Lösung des "tree-to-tree edit"-Problems
How do we support written negotiation? Imagine Alice makes a lot of modifications in a document and then asks Bob to review them. To do a sound review, Bob needs to understand each individual change and agree or disagree on it. For minor changes, a classical "track changes" feature achieves this. However, when Alice re-organizes whole sections inside a deeply nested document and also edits them, "track change" is not enough. Bob loses the ability to review individual changes.
But without an understanding of the changes, Bob and Alice cannot agree.
An algorithm to enable negotiation
The challenge is then: Build an algorithm that presents all changes between two nested documents as a list of separate, intuitive changes which can be individually reviewed.
A comparison of two structured documents should result in a series of insert, delete, update, and move operations which, if all are accepted, transform one document (Bobs original version) into the other (Alices proposed version).
Make large document changes human-understandable
The algorithm needs to be smart: If Alice deletes a sentence and then re-writes the same sentence somewhere else, it's not useful for Bob to see that one sentence was deleted and a new one was created.
Instead, Bob should see that the sentence was moved - maybe with minor changes. In summary: we are looking for the most human-understandable explanation of the changes.
In the literature, this problem is known under the name "Tree-to-tree" correction problem:
- A tree here is a mathematical concept: lines connected with dots called nodes, and no loops.
- Just like real trees, "no loops" means that starting on any branch, a walking bug has exactly one way off the tree.
- Nested documents are mathematical trees, where the nodes are text, and the lines show how sections are nested under other sections.
To find the difference between documents, we then need to solve two problems:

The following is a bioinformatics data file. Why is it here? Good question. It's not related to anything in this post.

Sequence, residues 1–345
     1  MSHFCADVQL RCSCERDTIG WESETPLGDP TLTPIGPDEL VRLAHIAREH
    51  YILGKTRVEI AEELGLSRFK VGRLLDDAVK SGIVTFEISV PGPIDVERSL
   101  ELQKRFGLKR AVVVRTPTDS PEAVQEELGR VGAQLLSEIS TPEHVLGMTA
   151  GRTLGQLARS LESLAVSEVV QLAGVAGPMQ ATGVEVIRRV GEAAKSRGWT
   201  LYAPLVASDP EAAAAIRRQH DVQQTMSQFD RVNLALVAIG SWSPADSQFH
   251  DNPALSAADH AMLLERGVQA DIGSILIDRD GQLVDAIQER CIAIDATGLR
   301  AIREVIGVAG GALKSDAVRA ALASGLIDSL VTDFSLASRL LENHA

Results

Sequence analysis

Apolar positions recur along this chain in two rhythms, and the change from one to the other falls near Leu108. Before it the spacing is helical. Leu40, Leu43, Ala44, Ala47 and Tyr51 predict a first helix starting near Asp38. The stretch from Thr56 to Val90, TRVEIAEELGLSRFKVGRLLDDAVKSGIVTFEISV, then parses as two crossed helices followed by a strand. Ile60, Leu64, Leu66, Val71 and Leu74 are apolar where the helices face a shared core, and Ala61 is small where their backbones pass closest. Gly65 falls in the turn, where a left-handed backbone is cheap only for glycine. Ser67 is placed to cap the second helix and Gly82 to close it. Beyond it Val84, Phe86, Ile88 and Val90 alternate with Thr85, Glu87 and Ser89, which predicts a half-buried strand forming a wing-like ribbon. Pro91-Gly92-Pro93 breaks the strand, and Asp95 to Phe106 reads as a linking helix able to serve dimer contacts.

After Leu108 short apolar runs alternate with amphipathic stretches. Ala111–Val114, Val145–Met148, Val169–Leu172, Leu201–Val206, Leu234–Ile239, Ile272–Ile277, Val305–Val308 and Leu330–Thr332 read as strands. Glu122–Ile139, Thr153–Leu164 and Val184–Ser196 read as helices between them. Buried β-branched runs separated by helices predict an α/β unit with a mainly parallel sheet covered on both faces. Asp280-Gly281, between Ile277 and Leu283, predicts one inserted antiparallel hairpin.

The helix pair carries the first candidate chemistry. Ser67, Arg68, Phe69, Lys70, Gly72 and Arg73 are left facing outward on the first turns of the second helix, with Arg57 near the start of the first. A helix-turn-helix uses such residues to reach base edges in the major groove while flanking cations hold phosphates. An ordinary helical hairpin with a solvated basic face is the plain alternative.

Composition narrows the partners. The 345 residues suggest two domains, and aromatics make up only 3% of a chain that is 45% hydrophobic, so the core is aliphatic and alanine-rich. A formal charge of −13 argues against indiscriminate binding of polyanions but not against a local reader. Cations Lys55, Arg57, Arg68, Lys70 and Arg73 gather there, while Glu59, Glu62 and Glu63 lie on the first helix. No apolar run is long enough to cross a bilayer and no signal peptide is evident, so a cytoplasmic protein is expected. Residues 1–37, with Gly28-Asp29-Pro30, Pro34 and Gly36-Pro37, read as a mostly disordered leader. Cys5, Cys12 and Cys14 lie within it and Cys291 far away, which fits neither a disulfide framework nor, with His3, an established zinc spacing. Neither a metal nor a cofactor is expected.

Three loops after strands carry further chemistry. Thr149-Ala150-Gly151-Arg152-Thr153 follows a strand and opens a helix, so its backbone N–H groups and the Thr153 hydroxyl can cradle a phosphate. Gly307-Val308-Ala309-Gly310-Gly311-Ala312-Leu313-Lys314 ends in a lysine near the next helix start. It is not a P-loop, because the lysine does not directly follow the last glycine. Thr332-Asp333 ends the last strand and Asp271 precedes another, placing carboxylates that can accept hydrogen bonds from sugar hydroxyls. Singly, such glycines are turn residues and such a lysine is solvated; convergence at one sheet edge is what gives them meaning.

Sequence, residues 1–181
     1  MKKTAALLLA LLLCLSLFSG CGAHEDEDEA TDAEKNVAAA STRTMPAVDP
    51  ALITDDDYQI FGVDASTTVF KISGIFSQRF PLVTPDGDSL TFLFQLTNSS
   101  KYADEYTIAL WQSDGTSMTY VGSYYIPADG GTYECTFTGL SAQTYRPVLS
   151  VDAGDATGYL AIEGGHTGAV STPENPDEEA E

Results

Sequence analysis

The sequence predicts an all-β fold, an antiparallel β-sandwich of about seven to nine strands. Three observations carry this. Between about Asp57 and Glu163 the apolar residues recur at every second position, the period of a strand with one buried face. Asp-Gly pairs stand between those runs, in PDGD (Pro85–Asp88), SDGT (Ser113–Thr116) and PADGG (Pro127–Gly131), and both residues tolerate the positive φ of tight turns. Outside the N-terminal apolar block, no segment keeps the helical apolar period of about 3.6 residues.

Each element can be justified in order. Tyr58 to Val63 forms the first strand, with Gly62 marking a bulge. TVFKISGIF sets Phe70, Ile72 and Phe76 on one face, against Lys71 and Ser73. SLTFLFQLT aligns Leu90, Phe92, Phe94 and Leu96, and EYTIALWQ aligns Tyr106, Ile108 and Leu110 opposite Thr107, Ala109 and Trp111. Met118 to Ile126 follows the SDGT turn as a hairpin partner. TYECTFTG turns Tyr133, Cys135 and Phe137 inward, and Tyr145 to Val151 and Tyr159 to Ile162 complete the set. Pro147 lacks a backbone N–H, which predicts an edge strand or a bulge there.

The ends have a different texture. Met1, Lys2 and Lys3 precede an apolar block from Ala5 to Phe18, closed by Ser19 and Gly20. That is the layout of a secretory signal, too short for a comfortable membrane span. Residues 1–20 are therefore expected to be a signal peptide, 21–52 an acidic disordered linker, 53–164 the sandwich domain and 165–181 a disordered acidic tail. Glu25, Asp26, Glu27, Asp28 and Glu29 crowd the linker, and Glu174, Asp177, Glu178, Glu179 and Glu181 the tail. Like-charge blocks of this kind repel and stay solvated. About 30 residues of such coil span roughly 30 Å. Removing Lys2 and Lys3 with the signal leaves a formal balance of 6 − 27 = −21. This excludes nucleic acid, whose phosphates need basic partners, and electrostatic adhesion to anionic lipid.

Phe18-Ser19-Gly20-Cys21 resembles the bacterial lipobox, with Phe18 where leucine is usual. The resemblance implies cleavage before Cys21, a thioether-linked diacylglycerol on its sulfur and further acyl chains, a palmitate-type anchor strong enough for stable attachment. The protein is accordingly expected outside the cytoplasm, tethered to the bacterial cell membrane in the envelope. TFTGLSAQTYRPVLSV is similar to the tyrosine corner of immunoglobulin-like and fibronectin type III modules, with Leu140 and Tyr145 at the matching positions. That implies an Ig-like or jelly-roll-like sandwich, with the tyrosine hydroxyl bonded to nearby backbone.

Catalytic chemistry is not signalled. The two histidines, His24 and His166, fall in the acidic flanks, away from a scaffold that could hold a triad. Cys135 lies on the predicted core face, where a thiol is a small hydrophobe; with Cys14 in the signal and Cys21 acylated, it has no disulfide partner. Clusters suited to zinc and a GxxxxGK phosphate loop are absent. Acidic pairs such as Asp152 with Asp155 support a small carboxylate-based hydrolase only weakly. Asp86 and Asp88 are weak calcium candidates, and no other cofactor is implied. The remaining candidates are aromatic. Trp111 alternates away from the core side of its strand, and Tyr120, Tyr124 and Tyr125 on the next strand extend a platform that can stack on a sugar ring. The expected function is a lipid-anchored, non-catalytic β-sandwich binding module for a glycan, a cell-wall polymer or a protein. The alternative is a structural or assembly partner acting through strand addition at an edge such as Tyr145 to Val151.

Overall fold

- How to recognize nodes that are the same, even if modified and moved?
- How to present the transformation of nodes between the documents as a list of individually negotiable changes?
When are nodes the same?
In other words, the key question is: When are two nodes across different document versions the same? To answer this, we might check: Do the nodes look similar? Do they share ancestors? Are they located at similar positions in a tree? Do they share the same children?
Once we know the answer, we need to find a series of transformations that change the document from the original arrangement of nodes to a newly proposed one.
There is diverse scientific literature on this topic. There are no ready-made solutions, different algorithms such as Change Distiller or 3DM emphasize different aspects of a solution.
A pragmatic solution first, then build on it
We started out with a pragmatic solution to these questions, which we then iterated with real customers, to understand the necessary refinements before committing to more complex approaches.
The current solution incorporates multiple approaches in a both cooperative and a competitive manner to find the best solution in a wide range of scenarios. Additionally, a three-way comparison gives us information about the document history, necessary for presenting changes in an even more intuitive way. The resulting changes are processed as a special "edit script" containing the individual changes. The document with the overlaid proposals remains editable.
We are currently considering opening up this algorithm to a broader market as a programming API. While this is still work in progress, you can discover parts of the implementation on rapidapi.com. Let us know if you want to support this effort.